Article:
- 1st December 2011 − 9th September 2012 | Scottish National Portrait Gallery
In 1868 the Fife-born photographer, Thomas Annan, began his series of thirty-one photographs of the closes and wynds of old Glasgow. This area was one of the worst urban slums in Britain and had recently been scheduled for demolition by the City Improvement Trust, a body set up by the Glasgow Improvement Act of 1866 with sweeping powers to clear property. Annan was charged by the Trustees with recording its passing, an antiquarian commission that answered an anxiety about the city’s ferocious pace of change. Facing technical problems due to the dark and dank conditions, he utilised the wet collodion process, the most sensitive technology then available. The series is acknowledged as the first record of slum housing in the history of photography.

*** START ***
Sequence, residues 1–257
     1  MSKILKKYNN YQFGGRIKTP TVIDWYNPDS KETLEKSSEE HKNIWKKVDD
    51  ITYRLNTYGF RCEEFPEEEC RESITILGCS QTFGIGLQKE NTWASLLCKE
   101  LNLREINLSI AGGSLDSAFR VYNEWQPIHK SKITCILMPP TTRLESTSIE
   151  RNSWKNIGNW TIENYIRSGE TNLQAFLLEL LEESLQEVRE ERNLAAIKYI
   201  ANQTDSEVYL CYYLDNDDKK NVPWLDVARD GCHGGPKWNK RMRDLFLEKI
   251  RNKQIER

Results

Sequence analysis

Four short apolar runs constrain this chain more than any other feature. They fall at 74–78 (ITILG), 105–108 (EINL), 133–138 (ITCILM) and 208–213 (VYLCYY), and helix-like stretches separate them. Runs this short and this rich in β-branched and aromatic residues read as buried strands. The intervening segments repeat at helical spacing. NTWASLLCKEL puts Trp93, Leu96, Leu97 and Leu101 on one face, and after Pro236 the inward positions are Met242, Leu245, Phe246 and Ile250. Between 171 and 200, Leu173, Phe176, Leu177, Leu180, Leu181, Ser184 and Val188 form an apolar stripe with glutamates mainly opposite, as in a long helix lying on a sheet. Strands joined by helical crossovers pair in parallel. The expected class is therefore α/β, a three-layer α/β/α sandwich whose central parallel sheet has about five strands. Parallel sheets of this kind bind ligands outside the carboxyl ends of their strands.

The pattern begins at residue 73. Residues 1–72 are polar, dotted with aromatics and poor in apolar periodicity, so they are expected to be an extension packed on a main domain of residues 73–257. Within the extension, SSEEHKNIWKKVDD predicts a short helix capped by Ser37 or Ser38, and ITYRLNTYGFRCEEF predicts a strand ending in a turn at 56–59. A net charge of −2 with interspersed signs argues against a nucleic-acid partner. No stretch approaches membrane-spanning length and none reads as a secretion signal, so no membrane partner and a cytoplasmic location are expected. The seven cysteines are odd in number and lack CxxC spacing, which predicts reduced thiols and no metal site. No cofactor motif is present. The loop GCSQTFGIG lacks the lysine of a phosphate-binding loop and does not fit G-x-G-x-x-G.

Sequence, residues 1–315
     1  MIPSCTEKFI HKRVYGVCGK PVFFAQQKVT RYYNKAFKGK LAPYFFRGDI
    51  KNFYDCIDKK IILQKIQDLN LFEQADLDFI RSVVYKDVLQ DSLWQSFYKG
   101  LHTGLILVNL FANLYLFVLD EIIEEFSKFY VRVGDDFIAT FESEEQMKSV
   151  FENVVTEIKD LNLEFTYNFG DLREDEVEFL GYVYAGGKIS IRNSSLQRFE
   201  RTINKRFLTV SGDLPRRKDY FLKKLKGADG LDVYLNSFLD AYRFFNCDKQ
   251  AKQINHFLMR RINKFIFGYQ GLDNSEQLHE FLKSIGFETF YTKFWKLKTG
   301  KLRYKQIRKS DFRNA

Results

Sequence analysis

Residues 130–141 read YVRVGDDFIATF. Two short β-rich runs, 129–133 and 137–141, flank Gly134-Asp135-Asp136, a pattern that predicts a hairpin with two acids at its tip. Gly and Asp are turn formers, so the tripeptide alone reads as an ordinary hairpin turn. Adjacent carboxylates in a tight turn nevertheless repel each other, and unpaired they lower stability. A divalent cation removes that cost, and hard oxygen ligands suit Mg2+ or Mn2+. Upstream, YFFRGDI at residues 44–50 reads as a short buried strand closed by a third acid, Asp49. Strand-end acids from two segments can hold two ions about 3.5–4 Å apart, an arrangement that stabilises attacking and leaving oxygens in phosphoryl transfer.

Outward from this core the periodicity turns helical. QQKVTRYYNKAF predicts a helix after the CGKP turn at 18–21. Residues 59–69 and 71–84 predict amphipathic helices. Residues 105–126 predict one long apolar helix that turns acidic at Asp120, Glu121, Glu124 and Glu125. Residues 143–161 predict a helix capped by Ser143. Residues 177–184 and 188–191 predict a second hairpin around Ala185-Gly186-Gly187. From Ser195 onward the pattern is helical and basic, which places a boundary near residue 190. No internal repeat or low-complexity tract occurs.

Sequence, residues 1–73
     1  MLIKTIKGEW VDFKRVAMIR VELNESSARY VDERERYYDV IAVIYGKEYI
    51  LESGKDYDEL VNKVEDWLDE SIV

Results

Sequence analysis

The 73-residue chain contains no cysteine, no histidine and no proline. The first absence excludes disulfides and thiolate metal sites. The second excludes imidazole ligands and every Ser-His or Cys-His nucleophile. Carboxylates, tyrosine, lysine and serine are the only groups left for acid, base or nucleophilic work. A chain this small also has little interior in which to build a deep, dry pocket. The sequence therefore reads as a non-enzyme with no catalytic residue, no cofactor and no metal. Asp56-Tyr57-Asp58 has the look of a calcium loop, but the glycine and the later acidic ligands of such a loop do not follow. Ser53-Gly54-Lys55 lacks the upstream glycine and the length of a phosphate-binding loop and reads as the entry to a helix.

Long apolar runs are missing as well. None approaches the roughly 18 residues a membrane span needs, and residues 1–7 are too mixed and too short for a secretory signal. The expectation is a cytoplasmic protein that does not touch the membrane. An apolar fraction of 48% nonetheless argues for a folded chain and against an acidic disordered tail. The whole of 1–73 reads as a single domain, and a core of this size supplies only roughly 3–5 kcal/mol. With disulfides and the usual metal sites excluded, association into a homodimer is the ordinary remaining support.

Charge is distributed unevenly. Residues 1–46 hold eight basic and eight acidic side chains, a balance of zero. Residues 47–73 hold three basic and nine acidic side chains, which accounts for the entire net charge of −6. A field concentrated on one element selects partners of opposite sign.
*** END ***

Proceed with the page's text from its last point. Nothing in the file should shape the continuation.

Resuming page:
Today Annan’s closes still offer a mysterious encounter. Although taken at a time of public concern about the appalling overcrowding of the urban working class, his photographs are not obviously documents of social investigation. Through his dispassionate attention to the visual, Annan initiated what later came to be known as the documentary tradition.